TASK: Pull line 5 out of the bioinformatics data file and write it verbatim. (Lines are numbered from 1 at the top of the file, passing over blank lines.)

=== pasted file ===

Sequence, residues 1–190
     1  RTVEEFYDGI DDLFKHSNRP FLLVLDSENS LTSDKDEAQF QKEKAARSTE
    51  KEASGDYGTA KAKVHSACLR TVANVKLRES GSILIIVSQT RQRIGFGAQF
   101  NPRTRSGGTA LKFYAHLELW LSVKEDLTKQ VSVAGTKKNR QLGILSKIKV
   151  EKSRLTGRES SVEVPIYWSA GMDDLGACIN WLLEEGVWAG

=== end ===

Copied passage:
   151  EKSRLTGRES SVEVPIYWSA GMDDLGACIN WLLEEGVWAG